When the bashed Charles tracks down Danny and Tony for revenge, he challenges their "straight" relationship. Danny says, "I don't like guys. I don't like him. I just like getting beat." At gunpoint, Charles forces them to strip and perform a mutual act to show him that they, too, "are just a couple of queers." Danny and Tony recall images of their punching bouts, and both feel an erotic charge. They quickly disarm Charles, tie him up and straddle his body. Danny, of course, wants a solid haymaker to his chest. But now Tony has a new taste for pain and says, "No. You hit me. And make it a good one, because you're only getting one shot." You'll have to see for yourself how this last request plays out.
In the second segment, Danny's friend, Tim (David Zelina), is an amateur boxer, and the most damage he suffers is an occasional cracked lip. Tim openly admires Danny's battered face and scars; and Shiner obliquely indicates the he envies Danny's ability to sustain such punishment on a regular basis with total disregard for any bodily or facial damage. Tim is, at heart, a coward. He uses his Adonis-like looks and body to attract the attention of anyone whose admiration may compensate for his own lack of confidence and low self-esteem.
Tim knows that Bob (Nicholas T. King), the young attendant at his gym, has been "secretly" watching him work out, shower, and change in the locker room. He's even aware that Bob has stolen items from his locker for sexual gratification. Boxer Tim knows that towel-boy Bob is the prime candidate who can satisfy his desperate need for personal adoration. Yet he constantly rejects Bob's shy requests to simply "go out for a beer together sometime," and, in one lengthy scene, Tim literally pins Bob to the wall in a secluded underground garage and taunts him. "Yeah. I've been approached by queers before. But what exactly do you want from me, Bob?"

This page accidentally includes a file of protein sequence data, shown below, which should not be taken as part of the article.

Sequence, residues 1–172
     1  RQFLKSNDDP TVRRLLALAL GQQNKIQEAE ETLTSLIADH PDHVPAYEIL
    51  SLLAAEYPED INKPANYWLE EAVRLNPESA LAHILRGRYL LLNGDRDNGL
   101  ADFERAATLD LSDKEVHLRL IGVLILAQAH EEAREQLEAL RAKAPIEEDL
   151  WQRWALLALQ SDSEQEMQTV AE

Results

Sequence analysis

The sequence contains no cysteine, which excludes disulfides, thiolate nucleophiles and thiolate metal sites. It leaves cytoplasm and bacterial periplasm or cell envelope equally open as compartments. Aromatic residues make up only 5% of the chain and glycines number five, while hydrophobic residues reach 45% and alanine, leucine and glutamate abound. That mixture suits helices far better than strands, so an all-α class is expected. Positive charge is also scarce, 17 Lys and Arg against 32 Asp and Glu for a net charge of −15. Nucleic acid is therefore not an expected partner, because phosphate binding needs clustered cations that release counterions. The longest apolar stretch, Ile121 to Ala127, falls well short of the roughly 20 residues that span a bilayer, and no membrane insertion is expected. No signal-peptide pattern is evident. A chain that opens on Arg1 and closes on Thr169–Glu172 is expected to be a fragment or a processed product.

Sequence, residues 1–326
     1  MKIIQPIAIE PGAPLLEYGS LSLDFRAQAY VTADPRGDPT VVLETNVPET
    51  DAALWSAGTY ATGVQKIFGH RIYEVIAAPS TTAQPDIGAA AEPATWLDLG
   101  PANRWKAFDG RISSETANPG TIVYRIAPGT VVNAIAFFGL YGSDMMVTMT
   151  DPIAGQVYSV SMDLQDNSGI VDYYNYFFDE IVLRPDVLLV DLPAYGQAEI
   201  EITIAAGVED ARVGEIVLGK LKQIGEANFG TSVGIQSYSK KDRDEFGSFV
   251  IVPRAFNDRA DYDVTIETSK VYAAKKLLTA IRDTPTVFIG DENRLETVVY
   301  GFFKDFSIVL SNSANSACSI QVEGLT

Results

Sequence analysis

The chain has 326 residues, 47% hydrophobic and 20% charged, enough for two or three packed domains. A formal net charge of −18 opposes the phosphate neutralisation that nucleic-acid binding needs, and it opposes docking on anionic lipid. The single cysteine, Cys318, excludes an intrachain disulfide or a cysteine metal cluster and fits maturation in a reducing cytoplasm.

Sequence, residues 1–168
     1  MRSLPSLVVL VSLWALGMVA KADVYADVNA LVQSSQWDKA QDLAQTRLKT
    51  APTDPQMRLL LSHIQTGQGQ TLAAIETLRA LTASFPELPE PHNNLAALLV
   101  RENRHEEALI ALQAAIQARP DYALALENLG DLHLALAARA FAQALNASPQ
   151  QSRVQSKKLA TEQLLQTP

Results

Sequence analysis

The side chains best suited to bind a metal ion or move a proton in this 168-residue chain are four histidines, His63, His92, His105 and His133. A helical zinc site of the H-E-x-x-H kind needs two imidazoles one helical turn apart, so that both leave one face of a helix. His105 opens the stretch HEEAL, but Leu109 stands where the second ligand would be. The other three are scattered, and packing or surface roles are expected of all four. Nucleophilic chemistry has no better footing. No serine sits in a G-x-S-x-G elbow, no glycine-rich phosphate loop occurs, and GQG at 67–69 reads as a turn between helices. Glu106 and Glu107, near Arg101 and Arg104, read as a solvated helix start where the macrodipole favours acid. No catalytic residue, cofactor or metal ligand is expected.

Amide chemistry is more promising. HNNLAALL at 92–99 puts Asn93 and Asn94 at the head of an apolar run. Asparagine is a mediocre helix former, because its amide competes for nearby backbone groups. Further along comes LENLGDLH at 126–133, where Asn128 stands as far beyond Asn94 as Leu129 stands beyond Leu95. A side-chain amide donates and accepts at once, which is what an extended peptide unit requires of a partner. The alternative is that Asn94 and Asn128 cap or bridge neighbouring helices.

Bob feels that he has the upper hand in this cat-and-mouse game. He's watched Tim walk naked around the gym, slamming open the doors of janitor's closets and toilet stalls, and calling out his name. "I know you're looking at me from someplace, Bob. I'll show you what I know you want. You just have to ask for it." Exhibitionist Tim craves to see the expressions on the faces of anyone admiring his physical attributes, his tight boxer's body, his ruggedly handsome good looks; and the few who may even be turned on by that occasional split lip.